More generally, I think a big challenge for ethnography in IR are the efforts to reduce it to empiricism and data collection. In ethics approval applications, data management and sharing plans, and sometimes even in training, the relationships and reflexivity that ethnography depends on are reduced to interview transcriptions and data. On the one hand, this is to be expected as ethnography becomes more common in IR, but it also requires us to be quite careful in the way we both do and teach ethnography as a methodology. This challenge is captured in a really entertaining manner in Timothy Pachirat’s Among Wolves. The book is an excellent reflection on interpretive ethnography, but it’s written as a play about the trial of Alice Goffman’s On the Run, with some of the most famous ethnographers appearing as characters.

One of the accusations against Alice Goffman is that of data fabrication: there are inconsistencies in her timeline and she famously destroyed all her field notes. In presenting the accusation, the prosecutor highlights the importance of sharing our data with others. But the defence team (Anna Tsing), uses the fact that ethnographers are now required to make their data available to other researchers to make a wider point of what we consider ‘data’. She asks: why stop there? Wouldn’t it then be better to equip the ethnographer with recording equipment (‘24-hour 360-degree Visual and Audio Recording Technology’) that would hold continuous record of the ethnographer’s field experience—this can then be deposited as ‘data’. The play makes it clear that even if we really had this equipment, it still would not allow others to access the ‘raw data’ of ethnography. In asking for ‘raw data’, we assume that there is data that precedes relations, that there is knowledge that is not intersubjective—and this is what interpretive ethnography rejects. Ethnography is about relations—of the most various kinds—and relations cannot be easily transcribed or photographed. This is an old discussion within interpretive ethnography, but I think it will have to be very carefully navigated as ethnography becomes more popular.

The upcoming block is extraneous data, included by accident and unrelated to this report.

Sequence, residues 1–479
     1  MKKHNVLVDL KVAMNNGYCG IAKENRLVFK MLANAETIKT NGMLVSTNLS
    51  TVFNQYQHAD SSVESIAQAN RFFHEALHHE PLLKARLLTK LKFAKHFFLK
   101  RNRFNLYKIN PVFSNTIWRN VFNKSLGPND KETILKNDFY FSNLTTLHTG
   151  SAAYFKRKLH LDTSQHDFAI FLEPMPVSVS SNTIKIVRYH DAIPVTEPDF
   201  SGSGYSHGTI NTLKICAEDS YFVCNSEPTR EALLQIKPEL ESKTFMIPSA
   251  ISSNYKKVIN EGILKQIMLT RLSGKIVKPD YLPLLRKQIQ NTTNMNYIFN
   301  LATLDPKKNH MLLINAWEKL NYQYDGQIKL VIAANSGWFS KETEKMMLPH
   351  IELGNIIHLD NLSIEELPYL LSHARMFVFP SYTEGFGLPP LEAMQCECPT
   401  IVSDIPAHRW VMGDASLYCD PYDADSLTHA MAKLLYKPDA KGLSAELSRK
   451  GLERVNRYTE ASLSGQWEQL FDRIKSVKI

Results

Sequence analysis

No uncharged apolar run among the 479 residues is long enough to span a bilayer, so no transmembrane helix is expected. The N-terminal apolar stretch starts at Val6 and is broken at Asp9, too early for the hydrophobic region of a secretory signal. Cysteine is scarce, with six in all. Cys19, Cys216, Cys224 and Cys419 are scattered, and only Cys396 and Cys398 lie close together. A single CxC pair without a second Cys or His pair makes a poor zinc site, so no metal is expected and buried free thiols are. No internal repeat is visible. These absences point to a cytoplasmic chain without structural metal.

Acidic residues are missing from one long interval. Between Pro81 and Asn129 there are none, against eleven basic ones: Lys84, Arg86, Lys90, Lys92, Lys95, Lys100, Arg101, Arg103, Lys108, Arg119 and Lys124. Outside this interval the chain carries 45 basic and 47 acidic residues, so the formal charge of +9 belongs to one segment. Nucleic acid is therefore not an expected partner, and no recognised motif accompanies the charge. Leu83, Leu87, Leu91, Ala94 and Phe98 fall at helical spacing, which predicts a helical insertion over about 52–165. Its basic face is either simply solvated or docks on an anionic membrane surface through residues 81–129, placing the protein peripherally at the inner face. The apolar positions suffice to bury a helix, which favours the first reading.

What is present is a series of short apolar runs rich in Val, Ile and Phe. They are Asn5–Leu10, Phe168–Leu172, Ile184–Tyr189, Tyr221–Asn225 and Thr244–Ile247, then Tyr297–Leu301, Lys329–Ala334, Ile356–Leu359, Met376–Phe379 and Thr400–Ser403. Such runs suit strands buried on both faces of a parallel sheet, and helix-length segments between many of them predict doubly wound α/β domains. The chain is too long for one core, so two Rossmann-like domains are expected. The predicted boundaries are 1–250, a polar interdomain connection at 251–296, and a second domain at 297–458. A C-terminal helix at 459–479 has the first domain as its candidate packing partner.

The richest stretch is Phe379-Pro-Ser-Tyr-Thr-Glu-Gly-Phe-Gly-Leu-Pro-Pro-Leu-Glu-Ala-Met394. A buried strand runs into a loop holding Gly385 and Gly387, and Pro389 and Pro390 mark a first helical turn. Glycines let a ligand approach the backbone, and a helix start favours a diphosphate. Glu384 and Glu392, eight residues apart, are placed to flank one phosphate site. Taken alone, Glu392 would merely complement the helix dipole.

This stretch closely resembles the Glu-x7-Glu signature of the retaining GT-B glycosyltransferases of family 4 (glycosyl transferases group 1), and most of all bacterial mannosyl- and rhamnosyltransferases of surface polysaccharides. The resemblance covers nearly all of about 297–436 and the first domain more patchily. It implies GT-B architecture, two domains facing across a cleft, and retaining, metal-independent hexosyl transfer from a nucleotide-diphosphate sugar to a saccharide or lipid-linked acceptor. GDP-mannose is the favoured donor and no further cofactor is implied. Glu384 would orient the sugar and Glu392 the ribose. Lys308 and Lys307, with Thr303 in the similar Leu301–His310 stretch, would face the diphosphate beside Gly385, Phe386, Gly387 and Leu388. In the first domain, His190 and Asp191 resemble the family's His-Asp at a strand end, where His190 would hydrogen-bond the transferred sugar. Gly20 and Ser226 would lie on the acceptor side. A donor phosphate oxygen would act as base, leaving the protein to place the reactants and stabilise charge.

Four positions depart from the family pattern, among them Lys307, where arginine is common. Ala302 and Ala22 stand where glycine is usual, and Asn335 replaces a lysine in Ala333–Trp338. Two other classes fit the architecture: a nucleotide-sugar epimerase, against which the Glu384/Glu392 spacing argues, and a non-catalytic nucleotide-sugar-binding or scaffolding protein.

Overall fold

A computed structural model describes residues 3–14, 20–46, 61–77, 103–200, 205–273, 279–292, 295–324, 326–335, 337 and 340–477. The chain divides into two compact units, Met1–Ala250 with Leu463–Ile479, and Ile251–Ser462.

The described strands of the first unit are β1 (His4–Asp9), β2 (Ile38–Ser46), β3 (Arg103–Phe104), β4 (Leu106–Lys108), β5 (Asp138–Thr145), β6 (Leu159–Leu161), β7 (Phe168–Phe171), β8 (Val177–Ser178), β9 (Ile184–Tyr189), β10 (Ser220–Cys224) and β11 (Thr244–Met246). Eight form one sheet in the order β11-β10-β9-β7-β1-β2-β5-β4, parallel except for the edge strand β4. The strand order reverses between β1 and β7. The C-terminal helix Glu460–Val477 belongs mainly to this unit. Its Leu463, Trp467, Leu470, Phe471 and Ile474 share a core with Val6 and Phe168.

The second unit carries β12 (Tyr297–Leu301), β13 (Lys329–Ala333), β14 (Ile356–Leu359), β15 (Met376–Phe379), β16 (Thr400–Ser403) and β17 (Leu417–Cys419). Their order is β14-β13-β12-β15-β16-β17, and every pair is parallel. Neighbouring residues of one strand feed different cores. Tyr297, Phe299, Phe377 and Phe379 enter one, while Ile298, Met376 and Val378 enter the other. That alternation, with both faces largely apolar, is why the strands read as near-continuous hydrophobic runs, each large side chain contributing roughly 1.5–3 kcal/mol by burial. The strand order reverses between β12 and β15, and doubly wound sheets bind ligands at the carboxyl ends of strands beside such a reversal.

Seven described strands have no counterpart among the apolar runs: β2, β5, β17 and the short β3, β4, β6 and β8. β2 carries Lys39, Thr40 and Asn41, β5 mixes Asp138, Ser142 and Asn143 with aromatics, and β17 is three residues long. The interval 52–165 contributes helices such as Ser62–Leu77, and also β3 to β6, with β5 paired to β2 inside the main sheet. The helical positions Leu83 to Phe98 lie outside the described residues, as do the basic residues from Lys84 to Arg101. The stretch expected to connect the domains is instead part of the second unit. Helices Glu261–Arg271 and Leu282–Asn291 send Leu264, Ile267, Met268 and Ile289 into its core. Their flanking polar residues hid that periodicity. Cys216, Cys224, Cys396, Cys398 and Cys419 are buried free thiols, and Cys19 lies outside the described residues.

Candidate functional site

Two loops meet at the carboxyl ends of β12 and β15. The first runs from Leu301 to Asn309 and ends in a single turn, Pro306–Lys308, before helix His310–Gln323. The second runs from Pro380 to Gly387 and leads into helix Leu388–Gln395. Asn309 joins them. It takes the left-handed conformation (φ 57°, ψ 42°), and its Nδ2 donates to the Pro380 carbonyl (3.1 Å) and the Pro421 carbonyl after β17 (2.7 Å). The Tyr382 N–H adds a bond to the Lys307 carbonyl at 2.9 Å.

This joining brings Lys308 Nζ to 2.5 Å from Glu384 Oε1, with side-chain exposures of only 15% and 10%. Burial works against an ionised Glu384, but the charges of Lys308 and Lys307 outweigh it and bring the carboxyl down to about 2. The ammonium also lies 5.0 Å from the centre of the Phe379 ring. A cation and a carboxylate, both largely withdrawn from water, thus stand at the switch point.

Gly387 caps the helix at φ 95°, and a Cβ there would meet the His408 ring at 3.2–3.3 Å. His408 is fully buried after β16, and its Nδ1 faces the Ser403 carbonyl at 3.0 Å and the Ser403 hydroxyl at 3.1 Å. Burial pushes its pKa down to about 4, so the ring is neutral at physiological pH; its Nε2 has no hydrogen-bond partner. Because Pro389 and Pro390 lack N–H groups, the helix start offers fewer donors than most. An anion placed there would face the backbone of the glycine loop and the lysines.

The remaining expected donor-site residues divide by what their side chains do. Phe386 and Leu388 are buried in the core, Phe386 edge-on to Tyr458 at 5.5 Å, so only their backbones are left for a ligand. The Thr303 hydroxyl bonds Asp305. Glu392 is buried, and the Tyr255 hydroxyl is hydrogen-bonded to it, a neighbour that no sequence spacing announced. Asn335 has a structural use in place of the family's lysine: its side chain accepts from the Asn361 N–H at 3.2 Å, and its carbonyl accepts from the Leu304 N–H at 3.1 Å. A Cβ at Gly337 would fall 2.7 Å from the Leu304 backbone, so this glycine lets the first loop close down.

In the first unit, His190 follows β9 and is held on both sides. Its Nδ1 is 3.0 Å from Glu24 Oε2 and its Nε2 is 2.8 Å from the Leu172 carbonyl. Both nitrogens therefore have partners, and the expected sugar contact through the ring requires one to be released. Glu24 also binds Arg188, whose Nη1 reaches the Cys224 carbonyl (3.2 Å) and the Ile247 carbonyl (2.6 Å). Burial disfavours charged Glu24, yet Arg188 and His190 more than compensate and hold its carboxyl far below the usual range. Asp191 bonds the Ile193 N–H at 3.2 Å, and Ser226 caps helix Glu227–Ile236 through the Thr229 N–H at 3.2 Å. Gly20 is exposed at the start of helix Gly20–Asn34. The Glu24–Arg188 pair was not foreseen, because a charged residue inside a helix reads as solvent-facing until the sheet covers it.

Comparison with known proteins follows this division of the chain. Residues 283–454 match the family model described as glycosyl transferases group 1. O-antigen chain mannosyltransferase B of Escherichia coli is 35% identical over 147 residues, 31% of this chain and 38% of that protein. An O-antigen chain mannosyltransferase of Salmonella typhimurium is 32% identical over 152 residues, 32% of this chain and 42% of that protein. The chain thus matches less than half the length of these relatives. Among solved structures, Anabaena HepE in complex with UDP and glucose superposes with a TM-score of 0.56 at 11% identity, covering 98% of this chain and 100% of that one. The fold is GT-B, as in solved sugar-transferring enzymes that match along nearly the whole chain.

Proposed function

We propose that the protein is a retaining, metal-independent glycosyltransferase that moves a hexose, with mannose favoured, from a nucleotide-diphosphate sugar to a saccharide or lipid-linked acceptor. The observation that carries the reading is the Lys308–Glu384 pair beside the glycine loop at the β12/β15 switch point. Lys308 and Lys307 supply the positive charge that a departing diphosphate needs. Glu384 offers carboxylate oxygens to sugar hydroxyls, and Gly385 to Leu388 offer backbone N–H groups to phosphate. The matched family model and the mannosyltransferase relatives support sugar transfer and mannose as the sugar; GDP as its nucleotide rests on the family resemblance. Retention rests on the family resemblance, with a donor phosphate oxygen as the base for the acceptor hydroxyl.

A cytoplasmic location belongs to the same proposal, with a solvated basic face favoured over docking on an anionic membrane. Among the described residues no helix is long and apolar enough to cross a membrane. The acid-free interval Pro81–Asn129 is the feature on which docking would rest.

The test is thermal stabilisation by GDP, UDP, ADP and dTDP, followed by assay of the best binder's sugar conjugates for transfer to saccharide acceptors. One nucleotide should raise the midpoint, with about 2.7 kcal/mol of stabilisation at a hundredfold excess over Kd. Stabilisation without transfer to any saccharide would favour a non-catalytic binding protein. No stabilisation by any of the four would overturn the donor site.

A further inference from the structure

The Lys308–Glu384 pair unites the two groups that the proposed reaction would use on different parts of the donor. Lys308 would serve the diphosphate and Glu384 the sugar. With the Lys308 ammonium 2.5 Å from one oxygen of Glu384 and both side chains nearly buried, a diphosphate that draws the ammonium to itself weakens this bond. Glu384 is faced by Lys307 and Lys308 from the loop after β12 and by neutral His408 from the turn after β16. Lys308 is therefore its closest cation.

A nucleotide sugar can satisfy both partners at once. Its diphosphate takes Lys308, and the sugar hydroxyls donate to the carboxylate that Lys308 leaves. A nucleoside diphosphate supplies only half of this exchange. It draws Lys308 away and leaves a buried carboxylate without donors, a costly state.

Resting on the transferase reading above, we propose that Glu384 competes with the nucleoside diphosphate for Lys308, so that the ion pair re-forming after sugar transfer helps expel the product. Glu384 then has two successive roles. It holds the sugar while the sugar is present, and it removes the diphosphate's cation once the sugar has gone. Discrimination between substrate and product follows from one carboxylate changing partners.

How can decolonial thought help us understand the politics of Southeast Europe?

To be completely honest, I think no one really knows the answer to this question yet and this is what makes this research agenda so exciting. We tried to sum-up some of the different fields that are opening in the Introduction to a Special Issue of dVersia Magazine (co-edited with Polina Manolova and Philp Lottholz) that was published earlier this year. There, we talk about the importance of thinking about the Balkans as coeval—shaped and shaping global coloniality, and the contributions to the issue show the variety of potential: from Zhivka Valiavicharska exploration of 1960 and 1970 socialist Bulgaria through tracing Angela Davis’ visit to Bulgaria, to Manuela Boatcă’s excavation of occidentalist underpinnings of citizenship.